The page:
Assistance dogs aren’t uncommon, so seeing these canines out and about with their owners is entirely normal. But if you aren’t the owner of a service pup yourself, or if you aren’t used to seeing service pups, then sometimes knowing how to behave can feel overwhelming. Can you pet them?
At Service Dog Registration of America, we like to say that your etiquette around the handlers of assistance canines is similar to that of other people. However, follow these guidelines to make sure you’re politely following the rules – and not distracting a dog at work.
As with anyone, it’s not your place to judge or jump to conclusions when you see an animal in an “unusual” setting. For example, assume positive intent if a canine is on a plane; the dog is likely an assistance animal. Even if canines aren’t your favorite, if you see a service dog on planes, it’s important to respect that the pooch’s owner feels more comfortable in its presence.
Be sure to recognize any emerging biases and change your attitude wherever you are. Be kind, considerate, and respectful, just as you would be to any other person – or their furry loved ones.
Talk To The Owner
Sadly, discrimination against disabled dog owners remains rife in America and beyond, often because people don’t have an understanding – or willingness to understand. This limited understanding makes the lives of those with assistance animals that much harder.
When you’re interacting with a handler, talk to them! Don’t unintentionally insult an owner by talking to their pups or the people they’re with and not the person themselves again. Follow that Golden Rule and treat people the way you’d like to be treated.
Don’t Touch Without Permission
As with any pup, don’t touch a service canine without permission. While these dogs are undoubtedly friendly, touching an assistance animal ultimately distracts the pup from its work. Sometimes it’s easy to forget that these canines are working animals! They’re protecting and guiding their owners on and off the clock, so even a polite pet could result in negative consequences for the handler.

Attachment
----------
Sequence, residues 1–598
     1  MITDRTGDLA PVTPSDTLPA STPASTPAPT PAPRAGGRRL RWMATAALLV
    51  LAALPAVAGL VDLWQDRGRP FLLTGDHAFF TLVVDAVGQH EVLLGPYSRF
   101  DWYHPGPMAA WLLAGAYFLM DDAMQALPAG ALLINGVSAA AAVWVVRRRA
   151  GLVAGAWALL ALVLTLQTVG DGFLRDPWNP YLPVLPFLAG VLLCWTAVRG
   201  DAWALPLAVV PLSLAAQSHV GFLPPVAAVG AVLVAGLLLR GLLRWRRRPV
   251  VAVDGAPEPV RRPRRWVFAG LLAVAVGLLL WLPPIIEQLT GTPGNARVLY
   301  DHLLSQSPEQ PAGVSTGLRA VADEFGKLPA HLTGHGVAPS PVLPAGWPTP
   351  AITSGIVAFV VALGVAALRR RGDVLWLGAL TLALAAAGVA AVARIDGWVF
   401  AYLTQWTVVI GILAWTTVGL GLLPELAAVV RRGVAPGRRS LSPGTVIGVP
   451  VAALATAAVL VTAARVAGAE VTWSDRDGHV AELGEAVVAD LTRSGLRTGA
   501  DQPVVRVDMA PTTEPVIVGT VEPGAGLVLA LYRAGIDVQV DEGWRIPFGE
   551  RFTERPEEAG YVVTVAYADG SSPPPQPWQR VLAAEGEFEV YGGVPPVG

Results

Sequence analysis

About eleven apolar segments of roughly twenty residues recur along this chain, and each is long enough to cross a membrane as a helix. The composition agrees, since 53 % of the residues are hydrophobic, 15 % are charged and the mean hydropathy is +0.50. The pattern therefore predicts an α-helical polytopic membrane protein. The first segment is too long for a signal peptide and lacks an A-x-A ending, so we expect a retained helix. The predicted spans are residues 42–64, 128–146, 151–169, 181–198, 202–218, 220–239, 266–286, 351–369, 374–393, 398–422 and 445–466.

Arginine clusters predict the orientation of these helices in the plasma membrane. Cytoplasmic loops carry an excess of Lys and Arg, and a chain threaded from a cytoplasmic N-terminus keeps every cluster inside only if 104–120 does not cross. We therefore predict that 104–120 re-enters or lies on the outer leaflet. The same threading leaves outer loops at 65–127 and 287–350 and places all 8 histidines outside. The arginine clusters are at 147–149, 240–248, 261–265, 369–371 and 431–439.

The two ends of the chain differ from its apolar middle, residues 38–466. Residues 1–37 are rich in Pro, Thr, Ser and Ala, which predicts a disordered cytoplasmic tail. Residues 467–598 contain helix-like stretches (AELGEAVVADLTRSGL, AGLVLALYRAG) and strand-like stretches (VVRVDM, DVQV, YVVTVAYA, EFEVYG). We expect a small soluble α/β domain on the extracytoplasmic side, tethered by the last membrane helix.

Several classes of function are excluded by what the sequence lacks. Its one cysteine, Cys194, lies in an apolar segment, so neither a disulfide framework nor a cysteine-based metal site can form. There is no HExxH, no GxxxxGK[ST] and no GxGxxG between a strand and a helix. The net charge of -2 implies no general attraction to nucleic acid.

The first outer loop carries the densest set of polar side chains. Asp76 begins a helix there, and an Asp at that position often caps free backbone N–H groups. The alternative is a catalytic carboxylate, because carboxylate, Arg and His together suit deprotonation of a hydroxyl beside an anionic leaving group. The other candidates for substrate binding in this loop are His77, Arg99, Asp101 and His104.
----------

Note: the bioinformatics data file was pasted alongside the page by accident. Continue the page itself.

Don’t Offer Food
Working pups often have regular schedules, as it helps them differentiate between their work time and free time. This schedule includes meal times, so offering food messes with their daily routine, which can undermine their overall effectiveness.
Likewise, some assistance animals use food-based treats to implement practical training. If you give them treats outside of their training regime, these intelligent animals can understand the routine – and may do their job less effectively.
Remember, not all disabilities are visible. For those with hidden disabilities, leaving the house with their assistance animals may be more challenging than it looks. If you aren’t sure whether or not you’re offering a treat to a service dog, either ask or respectfully don’t offer one.
Following these guidelines isn’t about “performing” behaviors. Instead, it’s about considering how your actions might affect those with service animals. The main takeaway? Be kind and respectful – it’ll get you far.